SIX STARS TO JOIN MLB HALL OF FAME

The 2018 Major League baseball season unofficially began yesterday with the announcement of four players being voted into the Hall of Fame; they are: Chipper Jones, who played all 19 years of his career with the Atlanta Braves and received 97.2% of the votes; Vladimir Guerrero, slugging outfielder who spent the majority of his career with Montreal and the Angels; Jim Thome, five-time All Star left-handed hitting slugger; and Trevor Hoffman, one of only two relievers in MLB history to record 600+ saves. The quartet will join ex-Tigers Jack Morris and Alan Trammell in Cooperstown, NY in July.

Falling just short of being elected into the Hall of Fame was Edgar Martinez, arguably the top designated hitter in MLB history. Martinez received 70.4% of the votes…he needed at least 75% to get into the Hall. Most baseball pundits seem to believe that Martinez will make it next year…his final year of eligibility.

Of the four players elected yesterday, Jones was the most successful. Drafted first overall by Atlanta in 1990, Jones helped lead the Braves to 11 consecutive National League division titles and 14 in 15 years.  He helped guide the Braves to three World Series appearances, winning a World Series title in 1995.  Jones is the fourth player from that 1995 championship team to be elected into the Hall of Fame, joining teammates Tom Glavine, Greg Maddux and John Smoltz. In addition, Braves manager Bobby Cox is also in the Hall.

Jones hit 468 home runs in his career and drove in 1,623 runs.  He is also the second-best switch hitter in MLB history, trailing only the great Mickey Mantle. Jones was an eight-time All Star, winning two Silver Slugger awards and was selected National League Most Valuable Player in 1999, when he hit .319 with 45 home runs and 110 RBI. Jones won his only batting title in 2008 when he finished with a .364 average. He played 1,993 games at third base and the Atlanta Braves organization honored Jones by retiring his number 10 in 2013.

Nicknamed “Big Daddy Vladdy” or “Vlad the Impaler”, Guerrero began his career with the Montreal Expos in 1996 and retired in 2011.  In between, he collected 2,590 hits, smacked 449 homers, drove in 1,496 runs and also displayed speed with 181 stolen bases. In fact, Guerrero stole 37 bases in 2001 and followed that up with 40 steals in 2002. In 2004, Guerrero signed a free-agent contract with the Angels and starred with them for six seasons. He was a five-time All Star and won eight Silver Slugger awards…five in the American League and three in the National League. Guerrero went to the World Series only once, in 2010 with the Texas Rangers. The name Vladimir Guerrero may soon appear in box scores again as his son, Vladimir Jr., is currently in the Toronto Blue Jays’ organization and has been listed as the third-best prospect in MLB at third base.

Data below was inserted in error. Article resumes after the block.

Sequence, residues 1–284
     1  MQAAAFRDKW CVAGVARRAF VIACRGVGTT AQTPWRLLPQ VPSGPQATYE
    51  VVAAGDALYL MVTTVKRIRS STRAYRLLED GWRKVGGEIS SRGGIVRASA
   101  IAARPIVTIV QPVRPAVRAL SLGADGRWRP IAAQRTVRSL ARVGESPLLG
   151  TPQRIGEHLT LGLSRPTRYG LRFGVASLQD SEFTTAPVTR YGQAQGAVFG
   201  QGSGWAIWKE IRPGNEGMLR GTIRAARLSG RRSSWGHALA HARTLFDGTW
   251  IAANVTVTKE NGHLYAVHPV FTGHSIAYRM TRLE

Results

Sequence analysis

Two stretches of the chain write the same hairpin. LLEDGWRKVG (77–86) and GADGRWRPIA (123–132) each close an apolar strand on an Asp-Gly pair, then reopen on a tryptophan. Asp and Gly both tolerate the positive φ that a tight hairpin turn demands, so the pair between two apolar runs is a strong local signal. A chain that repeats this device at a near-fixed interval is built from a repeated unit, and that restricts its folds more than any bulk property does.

Known as the “Pride of Peoria”, Thome was drafted by the Cleveland Indians in the 13th round of the 1989 MLB draft…the 331st player overall selected that year. He made his debut with the Indians on September 4, 1991 and played his last game on October 11, 2012. In between, Thome belted 612 home runs and drove in 1,699 runs. He is the eighth-place all-time in homers and one of nine players to hit 600 or more round-trippers. Thome’s best season hitting home runs were 2001 when he slugged 49 and followed that up in 2002 with 52. He hit 40 or more homers six times in his career. Thome was selected as an All Star four times in the American League and once in the National League. He led Cleveland into the World Series twice…in 1995 and 1997; however, he did not win a World Series ring.

Later in his career, Hoffman was noted for entering a ball game to the strains of “Hells Bells” blaring through the loud speakers. Drafted by Cincinnati in the 11th round of the 1989 draft (the 288th player taken overall), Hoffman is only behind the great Mariano Rivera (who will probably be a first-year

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